Around the middle of last year, I heard author Chimamanda Ngozi Adichie share the conception of stereotypes. Through her own experience, Adichie explained that single stories, stories that only voice one incomplete perspective, are in fact the root of ignorance. The TED Talk revealed that one sided narratives are the reason we often find ourselves conjuring cardstock images of dry plains, golden-maned lions, and masses of starving yet nameless people when we deign to think about the “country” of Africa. Beyond this, Adichie explained how she was personally influenced by this mentality as Western literature convinced her that the characters of her imagination must “[be] white and blue-eyed, [play] in the snow, and [eat] apples.” Never mind that Adichie lived in Nigeria (no snow) and ate mangoes instead of apples. Because she had only been exposed to one example of a character, Western literature convinced her that all characters should look and sound a certain way. By sharing her narrative, Adichie illustrated the consequence of the single story. Although I admired Adichie’s story-telling ability, I felt a lack of connection to her experience. I believed, at the time, that as an American, I had never contributed to this mentality. However, a recent trip to Israel revealed that I too was not immune to the single story perpetuated by Western media.
In the days leading up to my trip, it became clear that both my family and I had fallen victim to the one sided narrative. The constant coverage of atrocities in Israel had scared us into believing that the journey to investigate our culture would come at a high price. However, what we found on our trip succinctly shattered every misconception we had about the Middle East.
Walking out of the gate at Tel Aviv, my brother held on firmly to my dad’s hand, his backpack strapped on tight, as if preparing for battle. Expecting gun shots to ring in the air, we were surprised to find a calm silence pervading the airport. We were greeted by a friendly twenty-some-year-old who led us to our baggage while he nonchalantly made conversation. Topics included the Cavs’ winning streak, life as a law student, and his interest in moving to Miami once he passed the Bar Exams. We had miraculously made it through an entire conversation with an Israeli without any mention of bomb sirens or extremist propaganda.
Getting into the cab, we peered out the window looking at the city skyline dotted with high rises. The driver recognized our surprise that neither camels nor deserts surrounded us. He laughed in response to our incredulity and went on to compare the threat of ISIS in the Middle East to our fear that Donald Trump would one day gain access to the Oval Office. His joke left me and my family stunned as we found ourselves uncomfortable hearing a joke about ISIS especially since Islamic extremists have become the “He-who-must-not-be-named” of our generation. However, we exited the cab with a new perspective and a quelled fear of our imminent doom.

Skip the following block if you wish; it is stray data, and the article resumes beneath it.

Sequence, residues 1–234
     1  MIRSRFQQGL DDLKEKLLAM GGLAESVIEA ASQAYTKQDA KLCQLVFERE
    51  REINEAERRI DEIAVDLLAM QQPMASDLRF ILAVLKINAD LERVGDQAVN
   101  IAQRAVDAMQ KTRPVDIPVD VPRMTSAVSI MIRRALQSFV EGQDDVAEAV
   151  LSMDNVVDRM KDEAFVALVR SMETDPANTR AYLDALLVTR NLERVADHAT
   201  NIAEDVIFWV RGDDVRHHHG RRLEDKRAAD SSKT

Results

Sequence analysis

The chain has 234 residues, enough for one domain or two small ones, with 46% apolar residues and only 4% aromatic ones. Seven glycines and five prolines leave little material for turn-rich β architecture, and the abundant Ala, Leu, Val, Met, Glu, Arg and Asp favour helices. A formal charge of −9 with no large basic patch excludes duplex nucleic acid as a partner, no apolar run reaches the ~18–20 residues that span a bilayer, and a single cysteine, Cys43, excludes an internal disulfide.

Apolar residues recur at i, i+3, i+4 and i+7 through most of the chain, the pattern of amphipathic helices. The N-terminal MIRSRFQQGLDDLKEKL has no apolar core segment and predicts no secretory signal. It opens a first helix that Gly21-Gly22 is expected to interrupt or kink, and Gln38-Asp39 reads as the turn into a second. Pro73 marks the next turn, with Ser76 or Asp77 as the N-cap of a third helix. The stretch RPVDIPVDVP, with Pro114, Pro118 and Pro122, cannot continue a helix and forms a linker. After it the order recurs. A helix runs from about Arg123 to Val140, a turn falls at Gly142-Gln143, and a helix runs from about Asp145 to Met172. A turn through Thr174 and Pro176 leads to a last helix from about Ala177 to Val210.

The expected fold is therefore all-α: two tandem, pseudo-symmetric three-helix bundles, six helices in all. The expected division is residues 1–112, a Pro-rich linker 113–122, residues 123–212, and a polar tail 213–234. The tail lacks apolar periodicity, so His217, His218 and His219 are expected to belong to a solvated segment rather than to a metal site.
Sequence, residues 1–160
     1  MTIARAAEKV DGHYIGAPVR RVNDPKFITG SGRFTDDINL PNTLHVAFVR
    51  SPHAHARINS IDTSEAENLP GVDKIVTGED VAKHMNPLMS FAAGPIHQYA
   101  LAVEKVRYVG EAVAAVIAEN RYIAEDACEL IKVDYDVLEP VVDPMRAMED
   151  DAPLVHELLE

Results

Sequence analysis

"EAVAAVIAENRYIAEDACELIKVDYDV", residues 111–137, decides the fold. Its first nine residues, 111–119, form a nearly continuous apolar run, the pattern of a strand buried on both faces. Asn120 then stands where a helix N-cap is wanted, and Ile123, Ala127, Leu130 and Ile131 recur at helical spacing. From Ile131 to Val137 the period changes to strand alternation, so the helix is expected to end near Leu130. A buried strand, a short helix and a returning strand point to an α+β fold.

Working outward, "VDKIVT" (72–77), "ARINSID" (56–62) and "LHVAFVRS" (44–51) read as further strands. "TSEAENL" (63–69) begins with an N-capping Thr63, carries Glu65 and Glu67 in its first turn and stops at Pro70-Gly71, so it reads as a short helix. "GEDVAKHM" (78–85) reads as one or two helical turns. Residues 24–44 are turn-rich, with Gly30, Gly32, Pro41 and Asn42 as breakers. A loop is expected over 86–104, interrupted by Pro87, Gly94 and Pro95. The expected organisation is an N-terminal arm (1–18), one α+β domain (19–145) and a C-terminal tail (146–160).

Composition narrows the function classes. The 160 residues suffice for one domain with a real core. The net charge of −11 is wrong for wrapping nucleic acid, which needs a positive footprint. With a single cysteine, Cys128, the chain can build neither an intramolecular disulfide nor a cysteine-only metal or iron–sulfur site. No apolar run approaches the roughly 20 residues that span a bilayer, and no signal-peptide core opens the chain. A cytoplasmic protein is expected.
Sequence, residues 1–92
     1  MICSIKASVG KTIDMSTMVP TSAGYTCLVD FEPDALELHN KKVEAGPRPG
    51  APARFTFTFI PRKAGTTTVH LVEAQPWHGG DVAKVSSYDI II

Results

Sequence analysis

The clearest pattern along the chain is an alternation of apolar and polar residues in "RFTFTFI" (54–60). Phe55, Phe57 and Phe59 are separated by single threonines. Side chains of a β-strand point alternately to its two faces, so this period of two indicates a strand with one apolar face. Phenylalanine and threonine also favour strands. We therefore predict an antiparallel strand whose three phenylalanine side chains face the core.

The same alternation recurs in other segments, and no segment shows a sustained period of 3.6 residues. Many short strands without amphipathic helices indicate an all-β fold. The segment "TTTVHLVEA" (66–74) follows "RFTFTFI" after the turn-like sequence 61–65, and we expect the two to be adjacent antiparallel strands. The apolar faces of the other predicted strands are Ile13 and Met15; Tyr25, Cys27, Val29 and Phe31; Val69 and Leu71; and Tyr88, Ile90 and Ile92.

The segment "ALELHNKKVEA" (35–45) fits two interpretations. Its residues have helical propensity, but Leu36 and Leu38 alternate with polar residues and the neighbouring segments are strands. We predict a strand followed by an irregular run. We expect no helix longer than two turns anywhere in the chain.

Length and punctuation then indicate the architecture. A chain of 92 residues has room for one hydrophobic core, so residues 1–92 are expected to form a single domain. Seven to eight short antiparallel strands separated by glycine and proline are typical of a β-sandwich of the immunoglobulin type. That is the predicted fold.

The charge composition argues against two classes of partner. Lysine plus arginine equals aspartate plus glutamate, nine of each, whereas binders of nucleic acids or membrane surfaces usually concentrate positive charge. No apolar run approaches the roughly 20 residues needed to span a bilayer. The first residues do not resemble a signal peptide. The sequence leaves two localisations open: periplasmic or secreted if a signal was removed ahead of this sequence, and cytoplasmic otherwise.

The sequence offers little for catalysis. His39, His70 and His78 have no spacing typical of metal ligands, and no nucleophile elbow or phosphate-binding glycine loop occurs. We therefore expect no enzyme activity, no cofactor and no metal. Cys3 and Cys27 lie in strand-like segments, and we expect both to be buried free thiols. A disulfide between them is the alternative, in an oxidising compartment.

When we continued to voice our astonishment to Israelis, the most poignant response I heard was “I guess we’re not what you think.” And that is exactly true. Israel was nothing like I imagined it would be, but that brought both the good and the bad. This meant that I, like the Westerners Adichie spoke of, had fallen to the monster of the single story. I too had been surprised to find that boys frolicking around the falafel stand played tag, wore the same shoes as my brother, and used their iPhones to tell their moms they would be late for dinner. I expected bomb shelters and dangers at every turn, yet I was dumbfounded to find aspects of Israel that reminded me of home.
The perspective I gained in Israel was not that conflict doesn’t exist, because it does, but that the Middle East will lose its identity if we continue to accept the one-sided narrative. This mentality derives from our limited window into distant countries, and that window is provided by journalists. Despite this, when journalists are tasked with reporting a compelling story, they will forgo Israel’s history for sake of reporting the conflict. If this perpetuates, we will forget that Israel has one of the best philharmonics on the planet or that it’s making constant technological advances that will soon appear even in our Western lives. Israel will suffer from this mentality as we will grow to regard all conflict-ridden countries as the same and in doing so, will disregard what it is that makes all countries unique.
Logging on to CNN to check the goings on of the Middle East feels like you’re doing the right thing. Maybe it even feels like you are somehow helping to curb the global crisis because you are witnessing the rhetoric. However, what is even better than consuming deregulated news is cracking open a copy of Khalil Gibran’s The Prophet or learning that the boy who washed up on the shores of the Mediterranean Sea didn’t just wear blue pants and a red shirt but was named Alan Kurdi and was three. These small changes are easy to make and can have a huge impact because we are simply regarding people as people, not cutout figures. When we defeat the single story, we chip away at the ignorance that enables extremism in the first place. Suddenly, Israel doesn’t feel so far away, and it can even become conceivable that an entire continent can exist without camels.